Guernsey trial to determine whether funds help in three bank accounts were proceeds of crime [freeze or unfreeze].
The Royal Court of Guernsey held, on 29 December 2022, that a Guernsey bank that had filed a Suspicious Activity Report (SAR) with Guernsey’s Financial Intelligence Service (FIS) in respect of a customer should comply with the customer’s instruction to transfer the funds away and close the account.
In BD Ltd v Investec Bank (Channel Island) Ltd  GRC103, the plaintiff BD Ltd held a bank account with the defendant bank and the monies were contained in three sub-accounts. The ultimate beneficial owner of BD Ltd was Jack Stroll, a Canadian citizen believed to be resident in Antigua although no address had been provided.
Stroll was connected to an online gaming business called Golden Palace (GP) and another entity known as ‘National Clearing House’.
Stroll and National Clearing House had been convicted of criminal offences in Canada in connection with services provided to GP and deceptive telemarketing and direct mail practices.
Stroll was remunerated by GP, as a consultant, via a subsidiary company or companies, and the funds paid into the account were understood to be from GP. Funds had also been received into the account from entities that were not Stroll’s employer.
In September 2013, Investec had requested that BD Ltd and Stroll make alternative banking arrangements because it no longer wanted customers involved in the online gambling industry, but BD Ltd had been unable to do so.
BD Ltd’s directors resigned in 2014 and were replaced by James Turian, who failed to provide identification and verification documentation when requested.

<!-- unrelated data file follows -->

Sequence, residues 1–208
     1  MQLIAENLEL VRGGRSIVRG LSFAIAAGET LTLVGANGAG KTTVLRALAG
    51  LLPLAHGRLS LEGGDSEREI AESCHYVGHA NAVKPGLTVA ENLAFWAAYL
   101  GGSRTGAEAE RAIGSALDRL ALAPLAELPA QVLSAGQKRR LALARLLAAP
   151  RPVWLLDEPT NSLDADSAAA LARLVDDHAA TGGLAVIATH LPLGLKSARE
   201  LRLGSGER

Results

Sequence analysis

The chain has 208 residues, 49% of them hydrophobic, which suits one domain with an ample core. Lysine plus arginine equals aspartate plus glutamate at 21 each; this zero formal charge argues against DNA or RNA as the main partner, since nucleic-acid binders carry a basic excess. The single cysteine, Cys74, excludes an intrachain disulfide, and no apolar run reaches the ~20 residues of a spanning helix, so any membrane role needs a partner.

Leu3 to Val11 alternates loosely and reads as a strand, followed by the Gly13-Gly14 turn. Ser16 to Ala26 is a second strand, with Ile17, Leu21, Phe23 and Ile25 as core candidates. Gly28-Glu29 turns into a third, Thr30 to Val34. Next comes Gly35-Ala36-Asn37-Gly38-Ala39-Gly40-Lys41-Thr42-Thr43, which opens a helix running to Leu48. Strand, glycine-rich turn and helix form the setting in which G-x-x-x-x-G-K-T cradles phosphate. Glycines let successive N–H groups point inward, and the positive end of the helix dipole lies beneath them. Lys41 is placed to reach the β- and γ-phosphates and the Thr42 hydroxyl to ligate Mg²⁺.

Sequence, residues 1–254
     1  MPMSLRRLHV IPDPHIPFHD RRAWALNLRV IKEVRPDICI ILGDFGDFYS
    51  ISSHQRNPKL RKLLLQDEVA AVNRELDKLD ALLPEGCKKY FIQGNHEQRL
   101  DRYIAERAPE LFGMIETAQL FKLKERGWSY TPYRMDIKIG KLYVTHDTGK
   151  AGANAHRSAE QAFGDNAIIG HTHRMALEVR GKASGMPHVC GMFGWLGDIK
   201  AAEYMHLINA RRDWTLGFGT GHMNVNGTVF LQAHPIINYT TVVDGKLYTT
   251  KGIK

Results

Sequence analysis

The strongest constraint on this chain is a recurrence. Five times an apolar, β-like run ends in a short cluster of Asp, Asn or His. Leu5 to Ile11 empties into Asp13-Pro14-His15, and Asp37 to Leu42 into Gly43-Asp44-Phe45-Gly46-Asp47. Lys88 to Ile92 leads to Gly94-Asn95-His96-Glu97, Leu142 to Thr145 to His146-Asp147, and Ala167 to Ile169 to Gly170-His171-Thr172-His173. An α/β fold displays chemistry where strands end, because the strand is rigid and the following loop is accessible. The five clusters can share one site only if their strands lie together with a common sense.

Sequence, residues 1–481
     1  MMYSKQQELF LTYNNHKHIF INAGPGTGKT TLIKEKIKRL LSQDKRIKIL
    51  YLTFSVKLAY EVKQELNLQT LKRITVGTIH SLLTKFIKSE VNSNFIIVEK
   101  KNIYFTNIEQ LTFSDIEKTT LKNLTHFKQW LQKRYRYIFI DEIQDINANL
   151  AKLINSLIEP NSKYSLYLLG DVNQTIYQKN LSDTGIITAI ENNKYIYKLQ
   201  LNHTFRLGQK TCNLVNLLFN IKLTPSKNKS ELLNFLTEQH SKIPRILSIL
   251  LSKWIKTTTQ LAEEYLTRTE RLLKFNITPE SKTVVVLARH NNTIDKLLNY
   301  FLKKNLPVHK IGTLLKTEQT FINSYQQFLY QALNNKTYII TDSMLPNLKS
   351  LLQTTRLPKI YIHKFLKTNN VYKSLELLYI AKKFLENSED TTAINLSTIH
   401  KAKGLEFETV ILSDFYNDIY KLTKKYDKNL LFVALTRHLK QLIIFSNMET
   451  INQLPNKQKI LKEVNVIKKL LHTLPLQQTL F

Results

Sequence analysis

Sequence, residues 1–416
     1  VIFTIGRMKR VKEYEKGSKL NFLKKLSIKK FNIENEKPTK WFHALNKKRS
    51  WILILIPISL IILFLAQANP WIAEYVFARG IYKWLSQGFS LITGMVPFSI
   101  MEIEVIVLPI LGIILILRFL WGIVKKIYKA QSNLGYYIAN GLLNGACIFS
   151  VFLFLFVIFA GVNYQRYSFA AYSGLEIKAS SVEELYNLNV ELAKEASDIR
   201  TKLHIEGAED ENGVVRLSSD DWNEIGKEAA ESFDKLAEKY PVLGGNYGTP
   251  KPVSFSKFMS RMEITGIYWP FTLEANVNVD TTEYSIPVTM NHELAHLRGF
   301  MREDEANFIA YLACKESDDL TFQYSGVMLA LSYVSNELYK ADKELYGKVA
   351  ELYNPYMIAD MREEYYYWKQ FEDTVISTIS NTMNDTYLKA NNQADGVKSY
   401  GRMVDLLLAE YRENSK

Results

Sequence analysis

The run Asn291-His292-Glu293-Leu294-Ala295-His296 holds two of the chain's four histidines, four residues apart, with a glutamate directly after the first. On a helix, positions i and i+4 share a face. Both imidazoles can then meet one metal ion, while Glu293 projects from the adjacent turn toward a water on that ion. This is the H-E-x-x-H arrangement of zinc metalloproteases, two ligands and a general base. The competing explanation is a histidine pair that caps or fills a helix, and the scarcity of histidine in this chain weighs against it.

In February 2015, a money laundering reporting officer (MRLO) at Investec filed a SAR to the FIS.
As a result, Investec obtained FIS consent to re-activate the accounts (which had been deactivated in anticipation of closure) and to maintain them and take fees for doing so.
When BD Ltd finally found an alternative bank in 2018, Investec sought FIS consent to carry out BD Ltd’s instructions to transfer the monies to the new bank. The FIS refused consent, and, without this protection, Investec declined to comply with the transfer instructions because it risked committing a criminal offence.
To break the impasse, in 20019 BD Ltd brought proceedings against the bank in the Royal Court seeking to establish that the monies in the account were not the proceeds of crime. At that time, the balances held in the three sub-accounts were circa £1.3 million, USD10 million and €293,000 respectively.
In the Royal Court, Bailiff Richard McMahon considered the evidence as to the provenance of the monies in the accounts and was satisfied that, on the balance of probabilities, none of the amounts standing in the accounts were the proceeds of criminal conduct. He therefore granted the declarations sought and ordered the bank to comply with BD Ltd’s instructions to transfer the monies to the new bank within 14 days.
The Court also ordered BD Ltd to pay Investec’s costs in respect of the provenance issue on the indemnity basis, which was in accordance with the terms of an agreement recorded in the consent order.
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